Springs can only get better: BMW’s latest suspension is the most adaptable yet seen on a road bike

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BMW have led the way when it comes to electronic suspension – and their next-generation system will offer even more versatility.

For the first time a production bike will soon be able to change its suspension’s damping, spring rate and ride height, both front and rear, in an instant. BMW call this system SAF Next and, while they’re not confirming which bike it’ll appear on first, they say we’ll be able to experience it in the very near future. So that’s the BMW R1300GS then…

The headline feature of SAF Next is its ability to switch between two spring rates almost instantly. This is hugely significant – no rival system currently alters a shock’s spring stiffness. For the rider, this means you can have a more compliant spring rate for a comfortable solo ride, then swap in milliseconds to a firmer spring rate when you load the bike up or want to ride more aggressively.

BMW SAF Next suspension test rig

The secret to the system lies within the shock’s long piggyback chamber. Inside is a second spring (actually two extra springs, one coiled inside the other to minimise length) which can be brought into play or isolated from the rest of the shock via a switching valve.

With the valve shut, the shock behaves normally. But when opened – which takes just 0.1 seconds – oil pressure pushes on a separating piston connected to these extra spring(s), effectively increasing the shock’s overall spring rate.

How much stiffer? That depends on the springs, piston rod diameter and separating piston area. The unit BMW demonstrated to MCN featured a 140N/mm spring, with an increase of 30N/mm when the valve opens. That’s more than 20% stiffer – a pretty sizeable difference.

Automatic ride height possibilities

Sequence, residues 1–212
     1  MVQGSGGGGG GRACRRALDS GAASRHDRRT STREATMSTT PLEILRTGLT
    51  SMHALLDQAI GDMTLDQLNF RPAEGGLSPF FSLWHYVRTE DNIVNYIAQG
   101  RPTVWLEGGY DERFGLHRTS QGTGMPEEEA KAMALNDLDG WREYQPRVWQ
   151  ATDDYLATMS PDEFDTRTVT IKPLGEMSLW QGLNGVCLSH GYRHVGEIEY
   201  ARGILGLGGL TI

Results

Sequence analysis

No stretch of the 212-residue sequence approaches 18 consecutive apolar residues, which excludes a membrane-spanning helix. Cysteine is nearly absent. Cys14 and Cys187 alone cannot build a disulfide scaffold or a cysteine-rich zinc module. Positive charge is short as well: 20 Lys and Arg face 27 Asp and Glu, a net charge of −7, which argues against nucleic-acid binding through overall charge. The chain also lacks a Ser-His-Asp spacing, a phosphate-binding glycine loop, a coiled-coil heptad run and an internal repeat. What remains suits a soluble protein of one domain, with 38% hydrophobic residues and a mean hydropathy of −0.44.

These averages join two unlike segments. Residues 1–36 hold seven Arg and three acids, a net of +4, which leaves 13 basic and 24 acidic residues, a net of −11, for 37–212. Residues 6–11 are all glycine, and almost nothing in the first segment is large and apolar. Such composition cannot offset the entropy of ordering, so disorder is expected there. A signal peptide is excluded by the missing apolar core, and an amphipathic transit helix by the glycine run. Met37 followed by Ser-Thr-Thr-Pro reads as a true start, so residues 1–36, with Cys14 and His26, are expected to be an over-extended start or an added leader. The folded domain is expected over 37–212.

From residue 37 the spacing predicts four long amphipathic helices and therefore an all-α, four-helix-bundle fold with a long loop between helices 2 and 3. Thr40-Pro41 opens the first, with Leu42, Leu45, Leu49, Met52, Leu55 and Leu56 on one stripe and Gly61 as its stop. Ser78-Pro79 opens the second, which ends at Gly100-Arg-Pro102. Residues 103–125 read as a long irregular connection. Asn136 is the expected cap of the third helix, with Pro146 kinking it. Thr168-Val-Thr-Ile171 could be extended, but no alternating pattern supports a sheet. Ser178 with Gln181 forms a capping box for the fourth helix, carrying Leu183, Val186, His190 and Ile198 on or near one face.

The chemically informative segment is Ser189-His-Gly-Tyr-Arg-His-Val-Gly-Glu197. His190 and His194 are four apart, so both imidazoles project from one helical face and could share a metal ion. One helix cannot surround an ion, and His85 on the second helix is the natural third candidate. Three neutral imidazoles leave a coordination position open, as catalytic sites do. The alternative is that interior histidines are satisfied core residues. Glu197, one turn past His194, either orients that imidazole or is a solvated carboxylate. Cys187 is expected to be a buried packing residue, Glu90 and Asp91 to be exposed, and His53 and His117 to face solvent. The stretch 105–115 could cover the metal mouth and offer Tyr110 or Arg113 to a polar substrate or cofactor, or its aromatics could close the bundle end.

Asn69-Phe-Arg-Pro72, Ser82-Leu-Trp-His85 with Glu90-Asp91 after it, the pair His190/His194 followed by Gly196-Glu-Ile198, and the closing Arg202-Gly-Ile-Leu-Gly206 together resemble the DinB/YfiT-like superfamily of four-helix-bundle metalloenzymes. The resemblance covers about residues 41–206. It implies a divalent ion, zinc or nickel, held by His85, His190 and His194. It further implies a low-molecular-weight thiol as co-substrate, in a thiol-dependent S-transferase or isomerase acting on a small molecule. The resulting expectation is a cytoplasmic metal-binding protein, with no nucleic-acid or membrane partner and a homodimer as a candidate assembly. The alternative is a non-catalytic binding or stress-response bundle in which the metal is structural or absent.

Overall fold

SAF Next also features BMW’s first automatic ride-height system, which lowers the bike when you are riding slowly to help a rider put their feet down. The principle was debuted by Harley-Davidson’s Pan America, but BMW’s system looks to add greater sophistication.

Ride height is changed by a hydraulic pump that can rapidly add or remove preload from the top of a shock. If a bike uses a shock at each end – as with Telelever – both shocks can be joined to the same pump, meaning front and back can be raised or lowered.

BMW claim lowering both ends (reducing seat height by 30mm) takes less than a second, while lifting both ends up again (rear shock first; then front) takes less than three seconds.

How the BMW SAF Next works

This tech could be configured in various ways. It could be controlled automatically in response to speed, or selected manually by the rider, or potentially alter its behaviour with riding modes. But the intent is that in a town or city the bike drops to its shorter stance, lowering the bike’s centre of gravity and making it more manageable.

Then, as you accelerate out in the countryside, the bike rises up to improve riding dynamics. It’s the best of both worlds – making a tall bike more accessible to a greater number of riders, without compromising suspension travel, ride quality or handling.

All of SAF Next’s features come in addition to what BMW’s electronic suspension already offers – so it’ll continue to feature semi-active damping and automatic preload adjustment, but now with the added benefits of swapping spring rates and ride height adjustment too.